The draft lottery – rescheduled for August 25 – will be made up of the eight teams not involved in the league’s restart and the six teams that don’t make the postseason. Those teams’ lottery seeds and odds will be based on their records through March 11, according to the NBA.
Those seeds and odds can be found here, but will be subject to change if a current playoff team loses its No. 8 seed to a current lottery team. For instance, if if the Wizards were to beat the Magic in a play-in tournament, the Suns, Spurs, Kings, Pelicans, and Trail Blazers would all move up a spot in the lottery standings, Orlando would get the 14th spot in those lottery standings, and the Wizards would draft 15th overall.
The rest of the draft order will be based on the 16 playoff teams’ combined records across regular season games and “seeding games.” For instance, the Heat (41-24) are currently projected to draft 23rd, but if they go 1-7 when play resumes, they’ll likely move up in the draft.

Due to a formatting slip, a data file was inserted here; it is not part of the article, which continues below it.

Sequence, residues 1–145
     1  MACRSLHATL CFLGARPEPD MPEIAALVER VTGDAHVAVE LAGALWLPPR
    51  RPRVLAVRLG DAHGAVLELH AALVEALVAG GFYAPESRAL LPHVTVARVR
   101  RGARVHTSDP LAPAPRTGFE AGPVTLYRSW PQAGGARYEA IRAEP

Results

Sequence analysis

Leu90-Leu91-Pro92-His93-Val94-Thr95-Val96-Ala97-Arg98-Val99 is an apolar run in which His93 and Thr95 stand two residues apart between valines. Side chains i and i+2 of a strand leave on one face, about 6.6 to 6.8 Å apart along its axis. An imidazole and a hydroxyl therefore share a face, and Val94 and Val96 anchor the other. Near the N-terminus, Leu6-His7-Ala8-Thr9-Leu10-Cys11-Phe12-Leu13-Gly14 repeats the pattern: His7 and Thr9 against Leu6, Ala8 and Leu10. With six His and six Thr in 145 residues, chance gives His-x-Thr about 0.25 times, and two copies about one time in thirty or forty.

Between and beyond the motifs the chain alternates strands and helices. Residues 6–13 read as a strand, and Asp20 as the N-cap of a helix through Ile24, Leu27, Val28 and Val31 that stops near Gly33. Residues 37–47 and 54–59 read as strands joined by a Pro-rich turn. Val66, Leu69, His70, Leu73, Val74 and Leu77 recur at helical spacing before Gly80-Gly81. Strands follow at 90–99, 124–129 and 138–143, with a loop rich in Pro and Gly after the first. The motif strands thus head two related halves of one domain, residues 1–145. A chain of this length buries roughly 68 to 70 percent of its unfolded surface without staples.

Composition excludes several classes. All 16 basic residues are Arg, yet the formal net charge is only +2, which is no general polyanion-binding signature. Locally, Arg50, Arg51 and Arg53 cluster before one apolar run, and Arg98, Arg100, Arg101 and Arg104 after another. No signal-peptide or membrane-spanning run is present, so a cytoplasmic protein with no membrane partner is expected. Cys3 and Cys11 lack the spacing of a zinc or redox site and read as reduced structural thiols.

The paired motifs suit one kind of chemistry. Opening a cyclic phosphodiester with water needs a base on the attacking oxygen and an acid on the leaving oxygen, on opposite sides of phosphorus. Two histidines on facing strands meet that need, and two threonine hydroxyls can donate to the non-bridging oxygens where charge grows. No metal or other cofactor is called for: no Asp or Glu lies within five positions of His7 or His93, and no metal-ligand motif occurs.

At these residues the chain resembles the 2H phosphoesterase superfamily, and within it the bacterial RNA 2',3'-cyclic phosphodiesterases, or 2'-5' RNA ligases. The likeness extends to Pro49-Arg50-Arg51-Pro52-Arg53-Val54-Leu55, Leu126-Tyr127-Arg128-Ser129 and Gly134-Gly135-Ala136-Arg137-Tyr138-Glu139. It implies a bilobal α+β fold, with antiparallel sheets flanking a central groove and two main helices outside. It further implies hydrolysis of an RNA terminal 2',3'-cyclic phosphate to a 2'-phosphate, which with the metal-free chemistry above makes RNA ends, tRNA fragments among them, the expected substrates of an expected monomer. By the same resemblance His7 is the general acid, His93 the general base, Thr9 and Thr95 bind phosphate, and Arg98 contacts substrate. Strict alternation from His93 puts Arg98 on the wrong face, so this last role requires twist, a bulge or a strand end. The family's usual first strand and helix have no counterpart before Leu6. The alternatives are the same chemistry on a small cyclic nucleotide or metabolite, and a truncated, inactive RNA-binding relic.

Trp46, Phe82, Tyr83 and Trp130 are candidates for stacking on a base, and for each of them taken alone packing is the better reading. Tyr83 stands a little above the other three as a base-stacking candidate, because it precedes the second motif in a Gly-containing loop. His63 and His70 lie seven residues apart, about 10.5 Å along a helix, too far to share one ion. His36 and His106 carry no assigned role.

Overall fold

How will players’ salaries and next season’s salary cap be impacted by the NBA’s plan?
That remains unclear. By playing 88 more regular season games, the NBA will ensure that many of its teams surpass the 70-game threshold and fulfill regional TV contracts, which is good news for the league’s financial situation.
Players – who are currently having 25% of their pay checks withheld – will still be required to forfeit a portion of their 2019/20 salaries as a result of the 171 regular season games that will end up being canceled. But there’s a belief they’ll begin receiving their full pay checks at some point this summer.
As for how the 2020/21 salary cap will be affected, that will require some negotiation between the NBA and NBPA and will hinge in part on how significantly the league expects next season’s revenues to be impacted by the pandemic. There’s a belief that neither the league nor the union will want the cap to drop off substantially this offseason, so artificially smoothing it could be the most logical solution.
Photo courtesy of USA Today Sports Images.